By DAN WHEAT
WILMINGTON, Calif. -- A leading U.S. hay exporter, Anderson Hay & Grain Co. Inc. of Ellensburg, Wash., has opened a new hay processing and shipping facility close to the ports of Los Angeles and Long Beach.
A renovated 220,000-square-foot warehouse with three hay presses for making small, half-cut bales and big bales is now the largest hay processing facility close to a port in the Pacific Southwest, said Mark T. Anderson, company president.
That distinction had been held by ACX Pacific Northwest Inc. that has a 150,000-square-foot, two-press facility across Pacific Coast Highway from Anderson's plant in Wilmington. ACX, a top exporter, is headquartered in Bakersfield and has plants in Wilmington, Stockton and Ellensburg. Anderson Hay & Grain has plants in Wilmington, Ellensburg and Aurora, Ore.
"We have grown our alfalfa business to keep up with demand, and to be competitive we have to have supply up and down the West Coast," Anderson said.
U.S. hay exporters, who are mainly on the West Coast, have been losing business to other countries in recent years because of the high cost of U.S. hay, exporters have said. Alfalfa export has shifted some from the Pacific Northwest to the Southwest because of cheaper ocean freight out of Los Angeles and Long Beach versus Seattle and Tacoma.
The new plant enables Anderson to build supply from growers in California, Arizona, Nevada and Utah.
"As this plays out, 30 percent of our volume could be coming out of the Southwest and this plant," Anderson said.
But the Northwest will remain an important part of the whole picture that can vary with market conditions and product quality affected by weather, he said.
Supply of old crop is not as short right now prior to 2013 production as exporters expected so pricing is flat, Anderson said.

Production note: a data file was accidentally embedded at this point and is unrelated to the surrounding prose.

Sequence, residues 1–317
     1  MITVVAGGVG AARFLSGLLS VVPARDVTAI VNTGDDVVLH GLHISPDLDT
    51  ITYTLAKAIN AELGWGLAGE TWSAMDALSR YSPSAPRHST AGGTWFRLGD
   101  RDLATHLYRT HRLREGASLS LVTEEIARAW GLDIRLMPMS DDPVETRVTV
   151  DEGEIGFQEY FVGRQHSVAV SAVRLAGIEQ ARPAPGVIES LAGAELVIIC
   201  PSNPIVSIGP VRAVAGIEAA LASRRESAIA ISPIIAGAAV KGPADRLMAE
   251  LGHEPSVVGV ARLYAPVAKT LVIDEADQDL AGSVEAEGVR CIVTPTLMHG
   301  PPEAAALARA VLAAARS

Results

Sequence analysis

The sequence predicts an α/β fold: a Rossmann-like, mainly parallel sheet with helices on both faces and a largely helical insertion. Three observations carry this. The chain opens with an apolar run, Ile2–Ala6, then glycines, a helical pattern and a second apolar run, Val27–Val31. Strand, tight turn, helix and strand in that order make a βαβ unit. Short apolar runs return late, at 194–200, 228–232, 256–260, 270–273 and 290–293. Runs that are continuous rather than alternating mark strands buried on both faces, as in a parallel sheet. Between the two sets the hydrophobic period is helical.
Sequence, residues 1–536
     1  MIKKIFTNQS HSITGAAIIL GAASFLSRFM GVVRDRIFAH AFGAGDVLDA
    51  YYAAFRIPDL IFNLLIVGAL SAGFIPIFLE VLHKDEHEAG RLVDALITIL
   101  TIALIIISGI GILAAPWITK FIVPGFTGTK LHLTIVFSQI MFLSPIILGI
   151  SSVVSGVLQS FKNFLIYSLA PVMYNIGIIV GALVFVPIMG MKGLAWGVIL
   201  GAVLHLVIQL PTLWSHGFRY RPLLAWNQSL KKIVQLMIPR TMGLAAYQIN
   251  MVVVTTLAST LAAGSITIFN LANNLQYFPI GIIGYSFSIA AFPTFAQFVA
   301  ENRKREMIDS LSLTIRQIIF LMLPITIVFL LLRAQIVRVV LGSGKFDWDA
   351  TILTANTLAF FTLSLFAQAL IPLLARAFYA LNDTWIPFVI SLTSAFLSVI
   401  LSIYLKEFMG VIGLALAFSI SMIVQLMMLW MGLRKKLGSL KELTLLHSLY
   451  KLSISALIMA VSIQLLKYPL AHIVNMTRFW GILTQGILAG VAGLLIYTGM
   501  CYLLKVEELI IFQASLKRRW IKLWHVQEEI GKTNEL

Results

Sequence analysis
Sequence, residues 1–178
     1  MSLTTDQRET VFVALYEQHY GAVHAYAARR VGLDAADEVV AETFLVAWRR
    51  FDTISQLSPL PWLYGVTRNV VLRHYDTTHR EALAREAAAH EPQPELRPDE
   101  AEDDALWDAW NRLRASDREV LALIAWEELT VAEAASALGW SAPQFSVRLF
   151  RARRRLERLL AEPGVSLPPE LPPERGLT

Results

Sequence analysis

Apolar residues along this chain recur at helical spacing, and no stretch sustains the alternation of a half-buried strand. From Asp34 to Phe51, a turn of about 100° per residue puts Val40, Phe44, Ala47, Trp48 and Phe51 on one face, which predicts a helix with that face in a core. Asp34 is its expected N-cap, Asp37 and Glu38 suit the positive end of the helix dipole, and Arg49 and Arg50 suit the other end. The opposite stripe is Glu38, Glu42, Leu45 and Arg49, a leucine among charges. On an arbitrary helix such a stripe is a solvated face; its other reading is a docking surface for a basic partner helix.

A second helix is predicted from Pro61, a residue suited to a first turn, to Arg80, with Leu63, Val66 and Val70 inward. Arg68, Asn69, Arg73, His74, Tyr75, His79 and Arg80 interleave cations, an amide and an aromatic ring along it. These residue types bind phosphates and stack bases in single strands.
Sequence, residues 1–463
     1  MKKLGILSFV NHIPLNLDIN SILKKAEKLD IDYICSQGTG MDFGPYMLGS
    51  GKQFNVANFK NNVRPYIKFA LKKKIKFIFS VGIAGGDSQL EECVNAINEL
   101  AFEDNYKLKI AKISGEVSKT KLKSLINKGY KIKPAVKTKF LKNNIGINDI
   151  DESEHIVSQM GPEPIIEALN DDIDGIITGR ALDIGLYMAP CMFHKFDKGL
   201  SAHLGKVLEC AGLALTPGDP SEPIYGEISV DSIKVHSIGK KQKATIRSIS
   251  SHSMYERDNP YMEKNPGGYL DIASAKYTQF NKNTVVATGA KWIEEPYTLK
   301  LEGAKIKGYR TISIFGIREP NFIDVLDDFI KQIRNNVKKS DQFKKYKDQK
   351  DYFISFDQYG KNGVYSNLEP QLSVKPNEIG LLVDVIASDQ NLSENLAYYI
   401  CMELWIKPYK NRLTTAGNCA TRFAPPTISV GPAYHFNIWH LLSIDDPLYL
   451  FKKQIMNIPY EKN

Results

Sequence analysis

An upcoming concern is how much hay Japan will buy this year given a dramatic weakening of the yen, he said, noting Japan typically buys 46 percent of hay exported from the American West.
Anderson Hay & Grain expected 80 to 100 overseas customers, ocean carriers, trucking company representatives and Wilmington city officials to attend an open house of the new plant March 27.
Renovation included installation of dust systems and ensuring adequate power to run the presses, Anderson said. The investment was "substantial" and includes a fleet of heavy-haul trucks that can carry 40-foot ocean containers of 28 short tons versus lighter loads of 24 tons, he said.
The plant is within a heavy-weight corridor where certain streets are built for heavy loads and more hay per container saves in shipping costs, he said.
The plant employs 50 people and can handle large amounts of hay. Anderson would not say how much. The neighboring, smaller ACX plant can store up to 14,000 metric tons of double-compressed hay and presses 150,000 to 175,000 tons annually, an ACX official has said.